1.5.10

Italiano at La Buttes-aux-Cailles: Les Cailloux


Last weekend I talked about a contemporary French restaurant that not only impressed me but proved that quality cuisine does still exist in Paris.  I also mentioned that my friend Emily and I happened upon another foodie utopia, Les Cailloux. I'm a bit of a snob when it comes to Italian food. My father's side of the family is Italian and everytime I visit my grandfather, he makes his outstanding tomato sauce that always leaves me wondering why people even bother with the canned stuff. He too has high expectations for Italian food and with good reason. It's like the French and their croissant standards. I can tell you from experience that crummy croissants are an abomination to French pastry tradition, especially when you've had the pleasure of savoring fresh-out-of-the-oven, perfectly flaky croissants au buerre
"The sign of a good baker is a good croissant. If you have a bad one, don't try anything else at that baker's because it won't be any good"(NYT)
 Well, the same goes for Italian food. Much like I wouldn't trust a baguette made in America, I am suspicious o of French-run Italian restaurants. What's the point of forking over 15€ over a plate of spaghetti arrabiata with supermarket-bought pasta and tasteless sauce when you can go to a place with fresh pasta and sauces with Italian owners who can barely take your reservation over the phone in French without dropping a si and grazie? Right, there isn't one and that's exactly the test I use to judge whether an Italian restaurant is worth trying. Les Cailloux passed the test.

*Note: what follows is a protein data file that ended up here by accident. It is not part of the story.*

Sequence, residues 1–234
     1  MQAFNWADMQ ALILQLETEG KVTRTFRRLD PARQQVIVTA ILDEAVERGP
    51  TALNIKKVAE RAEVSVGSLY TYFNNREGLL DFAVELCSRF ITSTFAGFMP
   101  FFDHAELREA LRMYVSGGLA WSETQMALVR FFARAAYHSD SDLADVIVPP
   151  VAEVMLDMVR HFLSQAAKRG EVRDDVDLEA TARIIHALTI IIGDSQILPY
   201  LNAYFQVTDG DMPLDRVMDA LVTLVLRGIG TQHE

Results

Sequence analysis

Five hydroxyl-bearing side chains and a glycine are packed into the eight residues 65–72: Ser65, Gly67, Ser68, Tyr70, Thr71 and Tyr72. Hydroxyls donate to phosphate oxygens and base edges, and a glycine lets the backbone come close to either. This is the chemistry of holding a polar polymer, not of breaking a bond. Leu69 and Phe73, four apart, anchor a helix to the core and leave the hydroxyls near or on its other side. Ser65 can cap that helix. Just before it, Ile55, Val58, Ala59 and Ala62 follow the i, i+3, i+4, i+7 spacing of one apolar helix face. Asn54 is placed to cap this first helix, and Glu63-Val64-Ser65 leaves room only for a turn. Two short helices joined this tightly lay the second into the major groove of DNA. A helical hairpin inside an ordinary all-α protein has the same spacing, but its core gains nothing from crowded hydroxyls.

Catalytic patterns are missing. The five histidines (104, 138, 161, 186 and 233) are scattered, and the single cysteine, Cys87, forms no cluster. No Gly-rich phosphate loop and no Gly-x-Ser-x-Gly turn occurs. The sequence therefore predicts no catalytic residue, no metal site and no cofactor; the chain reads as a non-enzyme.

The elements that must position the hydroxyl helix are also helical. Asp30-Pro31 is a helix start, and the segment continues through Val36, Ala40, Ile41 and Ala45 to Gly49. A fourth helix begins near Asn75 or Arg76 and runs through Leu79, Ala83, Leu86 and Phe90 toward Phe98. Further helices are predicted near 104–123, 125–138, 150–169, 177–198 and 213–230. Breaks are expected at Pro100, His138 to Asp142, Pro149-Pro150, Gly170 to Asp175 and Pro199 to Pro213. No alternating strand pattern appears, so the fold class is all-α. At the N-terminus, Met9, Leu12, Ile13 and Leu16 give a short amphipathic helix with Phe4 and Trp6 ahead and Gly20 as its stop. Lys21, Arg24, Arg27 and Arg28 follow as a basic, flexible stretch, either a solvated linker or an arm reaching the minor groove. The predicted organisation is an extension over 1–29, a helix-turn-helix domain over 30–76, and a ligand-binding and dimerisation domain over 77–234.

At the top of the rue de la Butte aux Cailles in the 13th sits Les Cailloux, an Italian neo-bistro with authentic Tuscan dishes and wine from Puglia. No pizza, no bells and whistles, just extremely friendly servers, modern deco and wines to-go. From the second we sat down, we had a good feeling about the place. The menu was much more original than your average uninspired Italian place with a standard series of pasta dishes, meat and fish options and an unmemorable tiramisu.


While you're definitely going to put down more than 15€ for a main dish, the portions are appropriate. For the first time (ever, I think), I left dinner feeling full but not overly so. I cannot even count the times I've eaten Italian and felt stuffed to the point of illness, repeating "oh I shouldn't have eaten that...". Not here.


Emily and I both had a clear idea of what we wanted to order but we couldn't pass up the homemade ricotta and spinach ravioli in a butter sage sauce. It was a main dish that we split as an appetizer and it was the perfect amount for the two of us. We were awed by the amount of fluffy spinach they stuffed into the pasta and impressed that the spinach maintained its taste without being overpowered by the ricotta. 

  After devouring the ravioli, we were convinced. We knew that the meals that awaited us would be just as good if not better than the appetizer. It was at about this point that I started to say that my husband was foolish not to have joined us. Just another reason to go back. 

Next up, a filet of sea bream coated with herbs on a bed of marinated spinach for me, and grilled calamari with an arugula salad and fennel for Emily who says she's never found it anywhere but in Italy. 2 more points for Les Cailloux. 
  

Despite how much we wanted dessert, we knew that it would put us over the edge and leave us feeling uncomfortably full, wasting the rest of the outstanding meal. I finished off the experience with an Italian espresso and a piece of praline chocolate, the perfect ending to an impeccable meal. Only thing left to do is return and try the desserts. 

If I can recommend one non-French restaurant in Paris, this is it. 

Les Cailloux 
58 rue des Cinq Diamants 
75013 Paris 
 Tél. 01 45 80 15 08 begin_of_the_skype_highlighting            01 45 80 15 08      end_of_the_skype_highlighting


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